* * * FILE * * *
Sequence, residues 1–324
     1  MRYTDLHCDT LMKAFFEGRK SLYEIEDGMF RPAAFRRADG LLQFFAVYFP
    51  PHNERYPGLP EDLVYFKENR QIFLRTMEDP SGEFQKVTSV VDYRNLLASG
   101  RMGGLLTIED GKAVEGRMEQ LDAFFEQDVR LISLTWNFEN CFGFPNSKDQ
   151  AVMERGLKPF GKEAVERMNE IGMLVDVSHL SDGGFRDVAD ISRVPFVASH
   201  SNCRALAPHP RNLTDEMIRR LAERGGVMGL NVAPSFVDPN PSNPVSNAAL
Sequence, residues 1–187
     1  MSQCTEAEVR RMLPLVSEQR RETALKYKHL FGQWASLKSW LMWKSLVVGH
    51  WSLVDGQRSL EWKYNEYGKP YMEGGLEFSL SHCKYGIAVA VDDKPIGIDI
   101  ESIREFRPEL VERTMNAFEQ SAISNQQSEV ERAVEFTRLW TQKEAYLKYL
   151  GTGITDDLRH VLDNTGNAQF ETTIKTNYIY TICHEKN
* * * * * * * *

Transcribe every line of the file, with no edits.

Sequence, residues 1–324
     1  MRYTDLHCDT LMKAFFEGRK SLYEIEDGMF RPAAFRRADG LLQFFAVYFP
    51  PHNERYPGLP EDLVYFKENR QIFLRTMEDP SGEFQKVTSV VDYRNLLASG
   101  RMGGLLTIED GKAVEGRMEQ LDAFFEQDVR LISLTWNFEN CFGFPNSKDQ
   151  AVMERGLKPF GKEAVERMNE IGMLVDVSHL SDGGFRDVAD ISRVPFVASH
   201  SNCRALAPHP RNLTDEMIRR LAERGGVMGL NVAPSFVDPN PSNPVSNAAL
Sequence, residues 1–187
     1  MSQCTEAEVR RMLPLVSEQR RETALKYKHL FGQWASLKSW LMWKSLVVGH
    51  WSLVDGQRSL EWKYNEYGKP YMEGGLEFSL SHCKYGIAVA VDDKPIGIDI
   101  ESIREFRPEL VERTMNAFEQ SAISNQQSEV ERAVEFTRLW TQKEAYLKYL
   151  GTGITDDLRH VLDNTGNAQF ETTIKTNYIY TICHEKN